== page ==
As it is, without those out of bounds students, Wilson feeder pattern schools–particularly those attended by large proportions of Ward 3 residents–would lack diversity.
Indeed, on June 11, 2020, during the DC Council hearing for DCPS, Chancellor Lewis Ferebee doubled down on this point in an exchange with council chair Phil Mendelson (boldface below is mine; the video is available here starting at the 3:40 mark):
Phil Mendelson: What other plans do you have to address overcrowding in the Wilson feeder pattern?
Lewis Ferebee: We’re continuing to . . evaluate any other opportunities where we could potentially construct an additional site that would relieve some of the capacity challenges that we’re having. We’ll also continue to build temporary and permanent space, and we believe that that will also relieve some of the capacity challenges that we have. And we’ll continue to review that on an annual basis.
PM: Are you looking at boundaries?
LF: The boundary process has not been a part of the current discussion as it relates to some of the capacity challenges that we discussed.
PM: So if I were to go to a community meeting in Ward 3, or in the Wilson feeder, I would be accurate in saying that what the administration or DCPS is doing to look at overcrowding, overenrollment, is a facility-based answer but not looking at boundaries at this time. Is that correct?
LF: That is correct. And I want to be really clear about some of the feedback we received in the Ward 3 working groups around school capacity . . . is that there was a large outcry to ensure that schools can maintain their current level of diversity and there were some fears that any conversation around boundary shift could impact the demographic makeup of the schools in those communities. So I just want to let that it was obviously something that we heard and wanted to be responsive to, but had not included that in our considerations.
Not long after this exchange, the council voted to spend $56 million to build a brand-new elementary literally within spitting distance of another DCPS building (Old Hardy), which the mayor has promised to the Lab school for the foreseeable future.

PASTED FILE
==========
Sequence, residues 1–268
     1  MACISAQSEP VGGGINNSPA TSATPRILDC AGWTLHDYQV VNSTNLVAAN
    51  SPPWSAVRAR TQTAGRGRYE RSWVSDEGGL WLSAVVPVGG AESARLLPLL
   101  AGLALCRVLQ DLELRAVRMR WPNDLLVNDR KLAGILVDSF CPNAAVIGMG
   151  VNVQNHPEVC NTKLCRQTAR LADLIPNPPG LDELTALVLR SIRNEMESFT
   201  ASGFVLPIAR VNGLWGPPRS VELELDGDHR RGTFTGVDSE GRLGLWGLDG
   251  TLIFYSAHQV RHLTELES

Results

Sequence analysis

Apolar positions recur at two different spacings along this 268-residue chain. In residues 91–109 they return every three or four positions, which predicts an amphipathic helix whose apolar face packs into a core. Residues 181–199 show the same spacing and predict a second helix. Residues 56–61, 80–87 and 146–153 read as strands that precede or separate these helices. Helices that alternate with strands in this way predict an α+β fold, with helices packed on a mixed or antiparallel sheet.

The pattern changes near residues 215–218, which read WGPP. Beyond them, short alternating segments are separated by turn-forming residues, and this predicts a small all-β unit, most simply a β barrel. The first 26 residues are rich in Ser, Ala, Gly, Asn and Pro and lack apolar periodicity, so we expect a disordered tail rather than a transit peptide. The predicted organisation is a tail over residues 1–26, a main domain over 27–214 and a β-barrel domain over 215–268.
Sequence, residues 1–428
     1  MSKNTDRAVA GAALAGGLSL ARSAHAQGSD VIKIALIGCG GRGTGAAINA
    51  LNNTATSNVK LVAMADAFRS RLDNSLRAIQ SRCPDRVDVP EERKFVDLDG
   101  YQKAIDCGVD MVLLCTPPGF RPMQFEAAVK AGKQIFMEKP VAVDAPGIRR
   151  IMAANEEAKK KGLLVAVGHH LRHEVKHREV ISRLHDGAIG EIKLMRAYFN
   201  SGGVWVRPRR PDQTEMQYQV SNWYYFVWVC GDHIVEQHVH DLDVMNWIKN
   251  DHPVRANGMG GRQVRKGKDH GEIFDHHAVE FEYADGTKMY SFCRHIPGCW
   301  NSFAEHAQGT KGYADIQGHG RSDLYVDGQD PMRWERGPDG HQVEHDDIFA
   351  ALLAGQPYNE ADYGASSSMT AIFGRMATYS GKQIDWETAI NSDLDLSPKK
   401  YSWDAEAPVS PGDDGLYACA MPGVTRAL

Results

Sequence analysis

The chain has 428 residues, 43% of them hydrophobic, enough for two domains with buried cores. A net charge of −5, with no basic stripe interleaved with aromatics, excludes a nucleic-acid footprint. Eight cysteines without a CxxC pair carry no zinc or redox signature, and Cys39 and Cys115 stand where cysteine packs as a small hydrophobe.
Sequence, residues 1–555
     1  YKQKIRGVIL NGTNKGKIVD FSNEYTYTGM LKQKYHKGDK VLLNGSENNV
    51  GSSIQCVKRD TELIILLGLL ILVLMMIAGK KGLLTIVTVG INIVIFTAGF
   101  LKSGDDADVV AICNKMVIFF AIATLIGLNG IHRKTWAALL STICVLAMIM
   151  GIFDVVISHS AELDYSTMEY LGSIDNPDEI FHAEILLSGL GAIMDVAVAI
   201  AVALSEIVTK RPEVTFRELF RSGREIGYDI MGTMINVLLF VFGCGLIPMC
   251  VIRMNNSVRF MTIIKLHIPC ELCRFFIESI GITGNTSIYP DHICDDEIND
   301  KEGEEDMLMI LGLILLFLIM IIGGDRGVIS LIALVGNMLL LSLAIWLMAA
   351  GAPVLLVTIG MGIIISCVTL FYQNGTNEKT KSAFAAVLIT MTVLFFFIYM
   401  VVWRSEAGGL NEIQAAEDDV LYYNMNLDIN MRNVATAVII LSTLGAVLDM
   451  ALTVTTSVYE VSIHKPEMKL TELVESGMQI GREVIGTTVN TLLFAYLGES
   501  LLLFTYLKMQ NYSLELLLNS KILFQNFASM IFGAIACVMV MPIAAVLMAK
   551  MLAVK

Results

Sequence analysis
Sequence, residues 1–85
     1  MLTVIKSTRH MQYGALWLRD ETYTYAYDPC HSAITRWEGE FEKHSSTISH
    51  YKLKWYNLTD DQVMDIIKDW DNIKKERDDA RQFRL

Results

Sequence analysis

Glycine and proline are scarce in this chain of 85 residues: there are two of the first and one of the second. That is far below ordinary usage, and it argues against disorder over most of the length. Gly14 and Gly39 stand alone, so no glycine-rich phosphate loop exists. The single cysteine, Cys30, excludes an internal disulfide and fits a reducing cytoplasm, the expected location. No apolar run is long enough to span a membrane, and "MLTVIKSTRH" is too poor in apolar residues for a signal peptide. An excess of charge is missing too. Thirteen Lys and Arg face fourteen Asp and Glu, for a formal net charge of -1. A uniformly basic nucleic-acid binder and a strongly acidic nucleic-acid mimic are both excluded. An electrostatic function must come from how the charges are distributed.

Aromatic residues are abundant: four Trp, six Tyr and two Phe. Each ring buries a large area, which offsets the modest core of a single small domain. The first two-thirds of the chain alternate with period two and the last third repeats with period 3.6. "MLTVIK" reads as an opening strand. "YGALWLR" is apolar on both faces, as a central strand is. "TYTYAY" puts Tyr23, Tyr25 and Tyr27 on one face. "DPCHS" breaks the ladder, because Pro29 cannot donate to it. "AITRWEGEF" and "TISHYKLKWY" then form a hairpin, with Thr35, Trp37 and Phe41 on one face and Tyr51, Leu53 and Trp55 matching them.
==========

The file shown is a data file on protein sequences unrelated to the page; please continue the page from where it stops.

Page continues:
(NB: If this Lab deal–a giveaway of a public resource to a private entity without one syllable of public dialogue–seems familiar, it’s because Mayor Bowser did this already, with Jelleff field.)
And not long after approving that $56 million, the council approved another $48 million for the purchase of the Georgetown Day building to create a new middle school–incredibly, without explanation for why the city is paying twice the building’s assessed value, while the building itself has been for sale for at least 3 years.
Both capital expenditures, together amounting to $104 million, happened without one word of public testimony–and they were, literally, approved outside of the law governing facilities and capital planning in DCPS (the PACE Act).
Which means that the city’s wealthiest ward with the lowest public school participation is getting an immediate capital expenditure for its public schools of $104 million in the wake of commanding a disproportionate amount of DCPS capital expenditures in the last two decades.
But Wait! There’s More!
The council does not appear to be stopping at $104 million to address Ward 3 school capacity issues: It has also approved an $8 million purchase of the old Military Road school from LAMB, on an emergency basis.
(Yes: it was a DC public school building, sold to LAMB, and now being sold back to DC. Gotta love the private profits!).
Using paid and family leave funds, this purchase is, per the legislation, to either relieve overcrowding in wards 3 and 4 OR create an early childhood center. (Although a good number of students in the Wilson feeder pattern reside in Ward 4 compared to Ward 3, Ward 4 has the next smallest amount of new housing planned.)
Upshot: Whatever else one may want to say about the potential expenditure of $112 million (!) to address Wilson feeder capacity, that $112 million outlay is less expensive to those in power in DC than the political will needed to alter feeder patterns, boundaries, and out of bounds slots in Wilson feeder pattern schools–even when this capacity situation has been longstanding.
(Possibly the closest DC got to official dissent was the last-minute attempt in July to shift money from the GDS purchase to renovate a Ward 8 school, MLK Elementary–which failed to get any supporters beyond its council sponsors, at large rep. David Grosso and Ward 8 rep. Trayon White.)
There are now two distinct, yet officially unrecognized, effects of not changing feeder patterns, boundaries, and out of bounds slots for Wilson feeder pattern schools in conjunction with expanding capacity there:
1. DCPS school closures are inevitable. Absent a wildly growing student population, students in the added capacity in the Wilson feeder pattern will have to come from somewhere. Given the civic commitment to support diversity in those schools at what appears to be any expense, we should expect that on average 25-30% of students in those new seats will commute from areas where DCPS schools struggle with underenrollment. To be sure, some underutilized DCPS buildings may be saved as DCPS buildings with charter co-locations (whose enactment is all but certain now that the council has also approved affirmation of the mayor’s powers therein in the budget support act). Still, given the baleful effects of co-locations in general and inequitable provisions for them in DC, saving DCPS buildings through co-locations amounts to a Hail Mary pass performed while cutting off one’s passing arm.